Teddy Roosevelt rifles!

A pair of 1876 Winchester 50-95 rifles he brought along on an 1884 hunting trip in the Bighorn Mountains.

Progressive Party bandanna!

This Progressive Party bandanna (a.k.a. the Bull Moose Party) is a souvenir from the 1912 election, when he sought a third Presidential term.

Theodore Roosevelt assassination shirt.

The shirt he was wearing in October 1912 when a bar owner shot him in the chest during a campaign stop. Roosevelt kept bleeding for a bit but insisted on delivering his 50-page, 90-minute speech anyway because ’twas merely a flesh wound. He still lost…to Woodrow Wilson, of all people.

Samuel Eaton's More About the Roosevelt Bears!

A curio from the 1900s Roosevelt-inspired Teddy Bear craze, starring one of the last six remaining 20th-century IPs that have yet to be rebooted as a crappy live-action movie.

Champsosaurus Giga skeleton!

A nearly complete skeleton from a crocodile-adjacent Champsosaurus gigas, found in the South Unit’s Sentinel Butte Formation.

parking lot view!

Meanwhile beyond the parking lot, the park was waiting.

Much like Yellowstone, the South Unit is easily navigable via a single main road encircling the heart of it, the Scenic Loop Drive. One slight complication: nearly one-fourth of the loop’s 36-mile length was closed for road construction. We could venture at least a good half-circle’s worth, but at some point we’d have to reverse course and retreat the same way we’d come in.

After a few overlooks’ worth of stops and photos and moments to bask in the wonders of Creation yet again, a second complication arose: we were growing tired of hours of turtle-speed drives and constant stops and gazing at giant-sized nature over and over and over and over and over and over again. I feel awful confessing it, but we were in danger of overdosing on too much of a glorious thing. It’s a weird problem to have. I hesitate even to call it a problem. Suffice it to say our Roosevelt National Park photo collection is a fraction the size of our Yellowstone set and consequently won’t be spanning multiple chapters. But we enjoyed what we could while we were in the area.

prairie dog town!

The first landmark on our route was a prairie dog town. We could never tire of animals.

prairie dog!

Sample prairie dog.

intimate prairie dogs!

Prairie dog samples prairie dog.

Theodore Roosevelt National Park.

The view of the visitor center from the first of the loop’s multiple pull-offs.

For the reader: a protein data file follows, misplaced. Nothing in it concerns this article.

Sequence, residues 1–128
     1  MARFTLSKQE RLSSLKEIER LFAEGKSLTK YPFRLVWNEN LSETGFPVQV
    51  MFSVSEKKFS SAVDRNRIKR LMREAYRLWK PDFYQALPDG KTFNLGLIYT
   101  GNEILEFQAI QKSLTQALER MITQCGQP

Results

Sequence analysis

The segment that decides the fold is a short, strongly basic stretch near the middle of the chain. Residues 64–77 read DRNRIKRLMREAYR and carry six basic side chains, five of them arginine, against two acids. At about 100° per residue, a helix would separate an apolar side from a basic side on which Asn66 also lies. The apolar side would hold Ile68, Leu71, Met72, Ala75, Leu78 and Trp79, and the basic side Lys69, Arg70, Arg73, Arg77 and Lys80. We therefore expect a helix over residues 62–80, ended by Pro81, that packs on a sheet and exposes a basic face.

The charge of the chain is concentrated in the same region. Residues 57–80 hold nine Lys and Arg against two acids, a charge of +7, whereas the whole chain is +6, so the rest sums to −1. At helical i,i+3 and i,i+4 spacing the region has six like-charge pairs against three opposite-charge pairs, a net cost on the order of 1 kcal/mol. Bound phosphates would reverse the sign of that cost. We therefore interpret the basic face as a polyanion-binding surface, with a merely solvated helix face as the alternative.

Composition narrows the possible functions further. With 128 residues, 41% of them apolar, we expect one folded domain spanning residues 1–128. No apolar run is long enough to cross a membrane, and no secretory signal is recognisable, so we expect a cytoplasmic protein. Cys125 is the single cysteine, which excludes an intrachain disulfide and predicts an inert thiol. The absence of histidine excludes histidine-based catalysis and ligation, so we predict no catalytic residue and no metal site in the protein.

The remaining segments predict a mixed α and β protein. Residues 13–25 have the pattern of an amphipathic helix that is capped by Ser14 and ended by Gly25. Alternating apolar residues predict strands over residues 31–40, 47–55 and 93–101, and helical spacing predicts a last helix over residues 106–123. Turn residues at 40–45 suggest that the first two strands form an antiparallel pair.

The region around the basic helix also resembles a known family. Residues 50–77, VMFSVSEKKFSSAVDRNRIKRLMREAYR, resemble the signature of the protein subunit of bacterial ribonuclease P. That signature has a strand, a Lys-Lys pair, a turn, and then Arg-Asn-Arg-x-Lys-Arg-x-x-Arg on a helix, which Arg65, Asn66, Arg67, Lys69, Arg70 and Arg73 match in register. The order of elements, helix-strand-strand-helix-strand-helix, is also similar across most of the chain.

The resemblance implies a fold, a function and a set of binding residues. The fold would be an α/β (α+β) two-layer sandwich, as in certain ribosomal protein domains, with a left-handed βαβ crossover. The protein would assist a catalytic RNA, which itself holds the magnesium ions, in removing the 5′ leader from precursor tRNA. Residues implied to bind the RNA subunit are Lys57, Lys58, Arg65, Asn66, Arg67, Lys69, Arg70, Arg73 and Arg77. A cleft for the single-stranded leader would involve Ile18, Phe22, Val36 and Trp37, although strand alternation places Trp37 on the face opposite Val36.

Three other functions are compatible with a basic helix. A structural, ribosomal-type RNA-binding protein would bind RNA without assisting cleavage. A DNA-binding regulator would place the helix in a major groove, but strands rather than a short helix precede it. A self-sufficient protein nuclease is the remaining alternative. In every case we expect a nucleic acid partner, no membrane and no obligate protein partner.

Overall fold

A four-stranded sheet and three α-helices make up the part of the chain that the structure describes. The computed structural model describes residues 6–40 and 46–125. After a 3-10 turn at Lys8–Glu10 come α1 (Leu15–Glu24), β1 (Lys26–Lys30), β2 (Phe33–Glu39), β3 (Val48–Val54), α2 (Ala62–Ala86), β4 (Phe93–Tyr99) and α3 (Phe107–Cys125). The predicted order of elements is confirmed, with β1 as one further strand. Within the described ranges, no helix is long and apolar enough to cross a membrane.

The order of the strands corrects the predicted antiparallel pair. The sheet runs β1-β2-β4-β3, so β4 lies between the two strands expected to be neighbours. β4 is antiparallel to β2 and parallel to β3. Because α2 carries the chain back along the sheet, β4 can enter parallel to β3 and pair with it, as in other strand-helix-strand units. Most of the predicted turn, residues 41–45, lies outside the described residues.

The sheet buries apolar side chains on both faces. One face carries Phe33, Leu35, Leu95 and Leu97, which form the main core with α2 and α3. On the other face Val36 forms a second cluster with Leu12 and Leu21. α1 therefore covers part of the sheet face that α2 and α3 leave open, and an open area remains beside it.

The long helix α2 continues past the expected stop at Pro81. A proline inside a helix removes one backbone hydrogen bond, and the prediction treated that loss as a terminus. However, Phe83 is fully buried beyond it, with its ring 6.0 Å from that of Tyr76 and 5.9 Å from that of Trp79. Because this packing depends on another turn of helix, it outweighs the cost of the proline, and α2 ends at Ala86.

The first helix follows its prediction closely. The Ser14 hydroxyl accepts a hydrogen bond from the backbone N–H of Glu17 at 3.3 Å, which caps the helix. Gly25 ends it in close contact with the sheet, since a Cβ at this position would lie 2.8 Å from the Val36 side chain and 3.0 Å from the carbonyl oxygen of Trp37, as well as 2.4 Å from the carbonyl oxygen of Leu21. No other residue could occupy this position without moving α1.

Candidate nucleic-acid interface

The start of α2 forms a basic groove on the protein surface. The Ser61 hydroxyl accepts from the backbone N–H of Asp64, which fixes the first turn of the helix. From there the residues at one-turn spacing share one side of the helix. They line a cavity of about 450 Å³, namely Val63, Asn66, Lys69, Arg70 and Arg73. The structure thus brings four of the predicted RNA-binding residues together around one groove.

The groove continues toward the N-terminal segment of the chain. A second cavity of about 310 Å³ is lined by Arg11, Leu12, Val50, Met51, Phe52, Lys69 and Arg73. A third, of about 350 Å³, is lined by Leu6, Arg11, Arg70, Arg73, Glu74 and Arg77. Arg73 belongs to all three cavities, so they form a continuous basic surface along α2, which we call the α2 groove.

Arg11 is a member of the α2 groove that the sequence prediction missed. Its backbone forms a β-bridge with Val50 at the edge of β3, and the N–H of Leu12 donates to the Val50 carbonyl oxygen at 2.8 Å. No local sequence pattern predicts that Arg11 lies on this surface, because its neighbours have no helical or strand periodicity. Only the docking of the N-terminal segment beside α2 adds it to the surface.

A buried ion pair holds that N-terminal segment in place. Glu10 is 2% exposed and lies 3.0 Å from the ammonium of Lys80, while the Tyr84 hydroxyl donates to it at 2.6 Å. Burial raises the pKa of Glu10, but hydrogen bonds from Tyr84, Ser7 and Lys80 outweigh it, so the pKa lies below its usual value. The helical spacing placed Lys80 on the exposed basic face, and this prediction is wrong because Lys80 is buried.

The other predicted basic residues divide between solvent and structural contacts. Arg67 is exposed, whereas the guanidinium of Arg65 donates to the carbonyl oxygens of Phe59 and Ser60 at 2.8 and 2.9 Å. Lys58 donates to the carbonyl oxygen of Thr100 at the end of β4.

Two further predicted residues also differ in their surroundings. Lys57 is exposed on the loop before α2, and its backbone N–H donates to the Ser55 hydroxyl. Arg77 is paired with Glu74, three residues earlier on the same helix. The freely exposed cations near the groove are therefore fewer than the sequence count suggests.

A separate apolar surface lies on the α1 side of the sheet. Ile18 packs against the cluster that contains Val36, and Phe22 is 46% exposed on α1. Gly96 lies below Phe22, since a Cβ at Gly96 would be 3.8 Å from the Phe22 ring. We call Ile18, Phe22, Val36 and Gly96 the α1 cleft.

Skyline Vista view!

The view from Skyline Vista, the first overlook marked on the map.

I-94 North Dakota!

A sumptuous view of I-94.

Roosevelt Badlands overlook!

Another overlook, still more Badlands to go with our other Badlands pics.

Badlands mountain!

Random roadside mountain.

prairie dog different town!

At a second prairie dog town, a resident is surely shocked at what’s going on over in the first town.

Peaceful Valley Ranch!

Peaceful Valley Ranch. the last original ranch house in the South Unit, dates back to the 1880s. It’s been shuttered since 2014, but recent renovations imply hope for new purpose.

bighorn deer!

A bighorn deer with a grazing field all to itself, far away from all those weird prairie dogs.

high formations!

More formations looming over the roadway.

sandy roadside!

A sandy roadside offers an alternative to all those heights.

Boicourt Overlook!

The view from Boicourt Overlook, as also featured in our lead photo.

Boicourt Overlook!

Same overlook, farther off to one side.

Overlook view!

After we turned around to retrace our treads, we stopped at one last overlook view near the Wind Canyon Trail.

mountainside bison!

On our way out, a lone bison relaxes on a mountainside and apologizes for any discomfort caused by those weird prairie dogs.

We were done with the park, but our Theodore Roosevelt roadside experience was far from over. To be continued!

* * * * *

[Link enclosed here to handy checklist for other chapters and for our complete road trip history to date. Follow us on Facebook or via email sign-up for new-entry alerts, or over on Twitter if you want to track my faint signs of life between entries. Thanks for reading!]